Expect the unexpected when dealing with estate planning issues.
One of the most common problems involves missing paperwork – the garden variety “now where did I put that power of attorney?” error. If you can’t remember where you put your own estate planning documents, how in the world is your agent/executor going to find them? Most states have laws that address recreating missing wills and trusts, but for missing powers of attorney and burial plans, there is no recovery statute. If you are an agent, then ask for a copy of the document or, if that is unsuccessful, ask where the document is being kept and under what circumstances you will receive a copy. If it’s your estate plan, then tell your agent where the document is kept.
The second problem is paperwork that falls short on details like account numbers, passwords and advisor contact information. If it is your estate plan, then keep a master file and let your agent know where it is kept and how it can be accessed. If you have been named an agent, then strenuously urge that the information be assembled and made available.
Next up: tricky assets like ivory. The U.S. Fish and Wildlife regulations prohibit the sale of most artifacts containing African or Asian elephant ivory. It can be bequeathed but it cannot be sold and most museums will not accept it as a donation. That can leave executors in a difficult situation when they try to value or close out an estate. Another tough asset: firearms. Some firearms cannot be legally possessed without a dealer’s license. If you own a tricky asset, then write down directions on how it is to be handled upon your death. On the other hand, if you find yourself the executor of an estate containing a tricky asset, do your research before trying to value, distribute, sell or donate it. This is one problem that can land you serious jail time.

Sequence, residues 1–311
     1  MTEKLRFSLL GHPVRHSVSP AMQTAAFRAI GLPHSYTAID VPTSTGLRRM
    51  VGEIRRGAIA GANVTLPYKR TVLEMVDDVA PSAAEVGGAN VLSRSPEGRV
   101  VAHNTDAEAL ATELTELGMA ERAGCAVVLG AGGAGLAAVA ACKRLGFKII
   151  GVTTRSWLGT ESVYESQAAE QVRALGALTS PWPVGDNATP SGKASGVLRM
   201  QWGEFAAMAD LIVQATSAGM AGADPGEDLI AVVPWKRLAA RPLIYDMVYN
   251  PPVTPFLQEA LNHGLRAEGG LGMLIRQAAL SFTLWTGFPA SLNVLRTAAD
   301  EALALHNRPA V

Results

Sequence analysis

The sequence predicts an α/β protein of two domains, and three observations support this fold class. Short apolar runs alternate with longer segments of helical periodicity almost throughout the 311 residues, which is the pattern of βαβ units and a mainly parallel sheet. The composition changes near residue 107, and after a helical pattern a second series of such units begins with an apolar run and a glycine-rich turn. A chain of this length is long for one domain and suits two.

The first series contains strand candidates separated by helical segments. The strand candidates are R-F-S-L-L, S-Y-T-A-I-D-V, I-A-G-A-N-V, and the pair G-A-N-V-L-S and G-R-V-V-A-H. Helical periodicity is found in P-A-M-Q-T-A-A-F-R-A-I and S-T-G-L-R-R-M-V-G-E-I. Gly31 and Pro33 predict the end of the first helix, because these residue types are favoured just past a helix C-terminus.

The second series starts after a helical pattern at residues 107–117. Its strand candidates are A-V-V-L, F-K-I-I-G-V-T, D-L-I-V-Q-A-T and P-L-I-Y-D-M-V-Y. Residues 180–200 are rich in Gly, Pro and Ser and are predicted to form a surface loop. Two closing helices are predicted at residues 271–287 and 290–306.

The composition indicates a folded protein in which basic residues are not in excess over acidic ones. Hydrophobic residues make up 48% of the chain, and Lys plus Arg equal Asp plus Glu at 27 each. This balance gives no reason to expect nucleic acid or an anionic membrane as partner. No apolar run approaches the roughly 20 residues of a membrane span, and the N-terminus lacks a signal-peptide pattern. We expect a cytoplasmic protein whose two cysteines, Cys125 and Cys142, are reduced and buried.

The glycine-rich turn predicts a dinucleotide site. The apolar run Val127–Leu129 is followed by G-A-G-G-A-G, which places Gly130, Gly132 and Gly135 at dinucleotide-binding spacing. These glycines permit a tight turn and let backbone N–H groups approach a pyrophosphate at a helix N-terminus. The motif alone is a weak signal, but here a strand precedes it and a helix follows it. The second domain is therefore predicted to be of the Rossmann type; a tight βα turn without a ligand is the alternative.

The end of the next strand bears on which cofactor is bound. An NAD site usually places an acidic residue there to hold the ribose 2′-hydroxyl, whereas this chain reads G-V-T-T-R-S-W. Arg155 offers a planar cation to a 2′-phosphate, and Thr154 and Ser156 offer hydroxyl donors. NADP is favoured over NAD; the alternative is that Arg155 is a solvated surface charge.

Dealing with minors is Challenge Number 4. How does an executor distribute money or assets to a minor? Usually a well-drafted will or trust spells it out, but alas, those seem to be few and far between. If in doubt, consult with a lawyer. You may need to go to court to get a court-created management trust or to request that a guardian be appointed for the minor. Do not just blithely hand over thousands of dollars to a 17- year-old or to the parent of a 5- year- old. You would not believe how unsympathetic the judge is going to be when the money goes missing and you get sued for breach of fiduciary duty.
Rounding out the top 5 is the “end of the line” issue. You have good documents, but you’ve managed to outlive your named beneficiaries or agents. That’s the same as having no documents. Revisit your documents every 5 years or whenever someone you’ve named passes away.
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The information contained in this article is general information only and does not constitute legal advice.